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“This was a difficult case to win, and it bodes well for the government,” said Peter Henning, a former prosecutor and law professor at Detroit’s Wayne State University, who has closely followed backdating cases around the country. The same judge previously sentenced Reyes to 21 months in prison and ordered him to pay a $15 million fine, after the hard-charging former executive — and former part-owner of the San Jose Sharks — was convicted on all 10 counts in 2007, including the conspiracy charge.A former Brocade staffer testified that when she brought backdated documents to Reyes for his signature on one occasion, he told her: “It’s not illegal if you don’t get caught.” Other witnesses said Brocade’s former human resources chief, Stephanie Jensen, warned them not to discuss backdating procedures in e-mails or written documents, and directed them in other ways to avoid calling attention to the effort, because “Greg doesn’t want it to be too obvious.” Jensen was convicted by a different jury in a separate trial on charges that she conspired with Reyes and falsified documents herself; she was sentenced earlier this year to pay $1.25 million and serve two months in prison.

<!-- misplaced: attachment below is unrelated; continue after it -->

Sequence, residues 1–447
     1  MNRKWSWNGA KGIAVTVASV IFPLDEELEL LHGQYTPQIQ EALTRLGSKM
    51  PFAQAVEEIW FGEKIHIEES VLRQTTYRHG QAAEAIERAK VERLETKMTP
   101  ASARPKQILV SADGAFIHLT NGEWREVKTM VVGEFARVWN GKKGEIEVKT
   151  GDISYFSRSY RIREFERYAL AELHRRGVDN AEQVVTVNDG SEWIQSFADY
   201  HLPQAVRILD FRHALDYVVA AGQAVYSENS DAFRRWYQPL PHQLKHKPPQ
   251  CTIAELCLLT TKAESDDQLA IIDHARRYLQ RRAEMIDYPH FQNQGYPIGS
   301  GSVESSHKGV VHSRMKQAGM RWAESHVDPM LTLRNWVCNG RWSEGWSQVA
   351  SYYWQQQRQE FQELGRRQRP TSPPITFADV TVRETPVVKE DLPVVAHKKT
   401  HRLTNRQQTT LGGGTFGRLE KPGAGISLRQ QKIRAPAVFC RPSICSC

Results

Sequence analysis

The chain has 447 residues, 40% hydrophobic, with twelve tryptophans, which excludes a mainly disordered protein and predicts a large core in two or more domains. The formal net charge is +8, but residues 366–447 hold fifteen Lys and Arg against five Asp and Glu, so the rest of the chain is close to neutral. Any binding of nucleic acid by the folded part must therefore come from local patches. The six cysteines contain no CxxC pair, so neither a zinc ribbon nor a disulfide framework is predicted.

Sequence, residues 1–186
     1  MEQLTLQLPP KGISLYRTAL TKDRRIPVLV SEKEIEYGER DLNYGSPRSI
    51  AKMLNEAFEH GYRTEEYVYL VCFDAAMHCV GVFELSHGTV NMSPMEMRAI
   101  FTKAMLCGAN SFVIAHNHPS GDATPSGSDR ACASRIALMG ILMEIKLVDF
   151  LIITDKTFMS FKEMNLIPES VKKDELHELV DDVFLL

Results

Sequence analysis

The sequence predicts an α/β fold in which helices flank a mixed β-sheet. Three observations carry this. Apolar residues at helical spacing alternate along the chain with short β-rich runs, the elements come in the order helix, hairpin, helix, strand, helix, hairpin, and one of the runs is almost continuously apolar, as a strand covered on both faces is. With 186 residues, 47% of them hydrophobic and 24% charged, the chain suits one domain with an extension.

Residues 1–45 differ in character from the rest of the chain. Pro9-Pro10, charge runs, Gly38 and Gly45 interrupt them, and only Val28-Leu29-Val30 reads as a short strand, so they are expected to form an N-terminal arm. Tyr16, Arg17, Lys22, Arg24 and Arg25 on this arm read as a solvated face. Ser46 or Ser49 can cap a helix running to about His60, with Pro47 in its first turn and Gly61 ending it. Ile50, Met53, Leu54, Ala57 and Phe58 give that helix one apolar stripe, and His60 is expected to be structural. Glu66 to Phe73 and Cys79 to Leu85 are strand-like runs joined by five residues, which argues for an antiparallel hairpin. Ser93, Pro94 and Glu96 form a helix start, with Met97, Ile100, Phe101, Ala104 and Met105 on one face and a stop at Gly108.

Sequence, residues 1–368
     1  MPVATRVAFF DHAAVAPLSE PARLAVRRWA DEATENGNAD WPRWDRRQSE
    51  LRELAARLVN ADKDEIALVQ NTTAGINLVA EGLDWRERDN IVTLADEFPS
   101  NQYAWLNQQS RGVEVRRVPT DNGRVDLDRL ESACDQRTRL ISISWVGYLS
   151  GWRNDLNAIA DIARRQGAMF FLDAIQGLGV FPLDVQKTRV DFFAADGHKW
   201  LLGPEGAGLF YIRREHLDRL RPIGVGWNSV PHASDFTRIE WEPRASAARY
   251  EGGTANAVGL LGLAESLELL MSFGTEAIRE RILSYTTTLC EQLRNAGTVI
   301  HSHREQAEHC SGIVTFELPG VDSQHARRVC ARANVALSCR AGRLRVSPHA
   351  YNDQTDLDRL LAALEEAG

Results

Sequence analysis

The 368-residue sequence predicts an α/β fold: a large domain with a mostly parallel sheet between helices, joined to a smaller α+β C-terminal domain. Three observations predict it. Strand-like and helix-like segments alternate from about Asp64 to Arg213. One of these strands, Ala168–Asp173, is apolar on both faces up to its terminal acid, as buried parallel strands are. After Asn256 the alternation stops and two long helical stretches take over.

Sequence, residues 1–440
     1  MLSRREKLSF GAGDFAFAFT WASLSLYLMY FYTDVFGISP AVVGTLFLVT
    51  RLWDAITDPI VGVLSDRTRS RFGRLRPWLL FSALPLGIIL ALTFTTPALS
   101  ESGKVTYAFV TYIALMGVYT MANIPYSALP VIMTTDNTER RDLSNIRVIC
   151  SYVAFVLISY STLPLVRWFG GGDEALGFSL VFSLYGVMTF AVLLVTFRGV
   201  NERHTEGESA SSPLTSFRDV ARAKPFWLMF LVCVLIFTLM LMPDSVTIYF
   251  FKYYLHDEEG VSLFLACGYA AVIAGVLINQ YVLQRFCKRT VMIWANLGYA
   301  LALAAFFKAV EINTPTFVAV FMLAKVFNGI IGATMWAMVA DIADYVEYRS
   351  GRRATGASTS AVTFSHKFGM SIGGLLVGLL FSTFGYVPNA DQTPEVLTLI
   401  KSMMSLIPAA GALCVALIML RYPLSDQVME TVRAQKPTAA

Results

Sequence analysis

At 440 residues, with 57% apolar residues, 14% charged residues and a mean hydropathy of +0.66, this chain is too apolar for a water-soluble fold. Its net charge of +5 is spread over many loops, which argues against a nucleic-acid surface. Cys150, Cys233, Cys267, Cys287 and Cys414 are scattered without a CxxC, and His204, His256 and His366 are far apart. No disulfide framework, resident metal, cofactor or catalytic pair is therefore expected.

.25 million and serve two months in prison.